If you feel like writing a check or gifting someone with a donation to a shelter, we volunteer for Second Chance Shelter in Jamaica Plain, MA and this is another small shelter all-volunteer run (just like Animal Umbrella) that is truly amazing. The person who runs the shelter really has dedicated her life (and her house – she turned her house into a shelter when she married/moved in with her husband) to loving and saving cats.

You can send donations, litter coupons, litter, toys, cat medicine, towels, food, to: Second Chance Shelter, 675 VFW Parkway #266, Chestnut Hill, MA 02467.

Anyway, just some thoughts. I have meant for a while to post something about Heifer International, and will do so soon enough. As you can tell from my lack of blogging, things have been a little hectic lately.

Happy Holidays, all! E

p.s. If you know of other good ways to “donate” without actually paying anything (i.e. clicking through or registering or whatever) feel free to leave in comments.

p.p.s. Isn’t is strange that wordpress spell check flags the word blogging as misspelled? You would think they would add that to the dictionary.


Something Nice (for a change)

September 30, 2008

With all the dire news about the economy and world, and me feeling really quite busy and a little bit overwhelmed with school and work, I am very pleased to sit here and hear our neighbors talking to our cats from their window to the cats in our window. They have just moved into the building next to us and it must not occur to them that we are home (or maybe they don’t care) because they keep going, “Meooowwwww! MEEEE-OOOOOW. Mew mew mew! Hey, there’s another one! Wow, how many cats are there in that house? MEOWWWWW. MEOWWWWW. Mew mew mew. Hey kitty kitty kitty. Meowwwwwww.” It is very cute. Our cats are super impressed.  Except Leo who is hiding. He is shy.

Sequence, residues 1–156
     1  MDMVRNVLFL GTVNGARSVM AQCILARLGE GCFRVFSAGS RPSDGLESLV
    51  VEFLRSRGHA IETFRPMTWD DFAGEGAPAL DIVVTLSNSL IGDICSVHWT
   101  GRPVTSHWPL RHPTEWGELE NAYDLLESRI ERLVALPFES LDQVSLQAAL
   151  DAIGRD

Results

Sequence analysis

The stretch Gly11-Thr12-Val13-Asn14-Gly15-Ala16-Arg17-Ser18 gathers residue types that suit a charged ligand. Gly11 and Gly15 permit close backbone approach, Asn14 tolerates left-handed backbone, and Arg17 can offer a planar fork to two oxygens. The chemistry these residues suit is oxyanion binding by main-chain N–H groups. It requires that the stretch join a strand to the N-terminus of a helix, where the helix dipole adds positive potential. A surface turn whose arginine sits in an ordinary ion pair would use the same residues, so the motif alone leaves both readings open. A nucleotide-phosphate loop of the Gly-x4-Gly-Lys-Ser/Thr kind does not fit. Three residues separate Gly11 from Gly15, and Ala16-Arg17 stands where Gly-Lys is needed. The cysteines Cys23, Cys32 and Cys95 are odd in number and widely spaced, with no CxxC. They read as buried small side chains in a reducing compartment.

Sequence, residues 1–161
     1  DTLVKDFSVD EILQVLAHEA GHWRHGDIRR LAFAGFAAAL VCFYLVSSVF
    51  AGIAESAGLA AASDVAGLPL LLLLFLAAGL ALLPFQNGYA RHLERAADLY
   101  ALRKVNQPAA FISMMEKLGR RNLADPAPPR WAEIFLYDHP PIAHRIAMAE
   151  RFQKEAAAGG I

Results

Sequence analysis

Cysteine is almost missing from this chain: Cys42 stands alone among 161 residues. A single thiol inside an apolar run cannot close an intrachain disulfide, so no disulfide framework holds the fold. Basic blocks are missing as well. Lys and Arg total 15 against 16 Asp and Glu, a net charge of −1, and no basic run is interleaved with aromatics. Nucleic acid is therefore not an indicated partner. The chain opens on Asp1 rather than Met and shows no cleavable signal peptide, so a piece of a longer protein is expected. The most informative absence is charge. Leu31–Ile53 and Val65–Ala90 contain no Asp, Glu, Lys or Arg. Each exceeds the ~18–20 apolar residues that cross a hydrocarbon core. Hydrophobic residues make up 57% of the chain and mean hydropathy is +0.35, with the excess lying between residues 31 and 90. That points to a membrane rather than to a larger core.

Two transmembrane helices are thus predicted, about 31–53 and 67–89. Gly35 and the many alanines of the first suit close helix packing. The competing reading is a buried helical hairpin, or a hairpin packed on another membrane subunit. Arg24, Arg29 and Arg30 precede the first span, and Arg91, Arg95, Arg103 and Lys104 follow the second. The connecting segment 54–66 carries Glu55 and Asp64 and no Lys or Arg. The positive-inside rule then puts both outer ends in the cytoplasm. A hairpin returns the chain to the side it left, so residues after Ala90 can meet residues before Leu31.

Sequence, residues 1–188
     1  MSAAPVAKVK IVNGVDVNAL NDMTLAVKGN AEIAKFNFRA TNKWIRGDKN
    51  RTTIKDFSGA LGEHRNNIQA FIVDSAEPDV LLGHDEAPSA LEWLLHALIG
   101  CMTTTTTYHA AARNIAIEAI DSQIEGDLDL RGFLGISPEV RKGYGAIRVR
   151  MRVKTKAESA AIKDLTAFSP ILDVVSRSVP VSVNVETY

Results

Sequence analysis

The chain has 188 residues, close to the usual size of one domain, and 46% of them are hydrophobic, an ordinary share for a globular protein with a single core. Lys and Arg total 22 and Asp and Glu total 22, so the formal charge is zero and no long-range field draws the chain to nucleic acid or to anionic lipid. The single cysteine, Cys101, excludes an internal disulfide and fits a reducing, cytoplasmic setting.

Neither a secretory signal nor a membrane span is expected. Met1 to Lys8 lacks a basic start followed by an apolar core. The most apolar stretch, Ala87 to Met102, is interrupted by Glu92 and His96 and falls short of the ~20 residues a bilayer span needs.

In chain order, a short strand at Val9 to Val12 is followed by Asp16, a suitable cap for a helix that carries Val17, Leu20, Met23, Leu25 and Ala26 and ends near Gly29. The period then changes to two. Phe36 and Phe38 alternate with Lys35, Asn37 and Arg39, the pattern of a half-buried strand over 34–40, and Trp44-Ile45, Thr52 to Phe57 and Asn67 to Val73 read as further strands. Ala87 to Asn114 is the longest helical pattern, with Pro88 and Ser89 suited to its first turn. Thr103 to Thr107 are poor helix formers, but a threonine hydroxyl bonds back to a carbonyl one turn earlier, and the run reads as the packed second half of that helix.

Now back to work.


Murray – April 2007-September 2008 –

September 1, 2008

He was very loved little cuddle bunny who very much enjoyed watching the foster kittens play, being groomed by his best friend Gustav the cat, and eating Papa Johns pizza and as many treats as he could get his paws on. He left us gently this evening at Angell Memorial Hospital in Boston after looking at us and saying (with his eyes), “I’m ready to go, okay?” Wolfgang and I were with him as he felt gently to sleep.


The heart has its reasons which reason does not know.

September 1, 2008

And such is the case with the passing of our Murray. He still breathes shallowly, his little eyes opening just a slit every once in a while. But his time is here. I have written about him several times on here. He has been sick on and off for many months. We thought he might be better. But on Thursday he got much worse, very fast. Our vet tried some alternative treatments. But they merely perked him up for a few hours, until he descended back into that space between this world and the next. We hope he will pass gently on his own, comfortable in his little fuzzy bed, tucked in his favorite closet where he is happiest. But if he hangs on until tomorrow, we will gently take him to the vet and give him the help he needs to let go. I thought that I would be okay with it – sad, but not too sad, knowing that he has always been a bit weak and sickly, and that he would be far more comfortable in some world beyond this one. But instead I am just overwhelmed with sadness and wishing he could be better and it, well, it just hurts. Logic about how this is best for him and was partially expected doesn’t make it much better that my kitty is dying, and he is uncomfortable and, as a mostly feral cat, even less consolable than a regular sick cat.

My partner, Mr. Philospher, told me so ministerially and lovingly that the heart has reasons which reason does not know. It is so true. Our hearts so often just do their own thing, no matter what we tell them.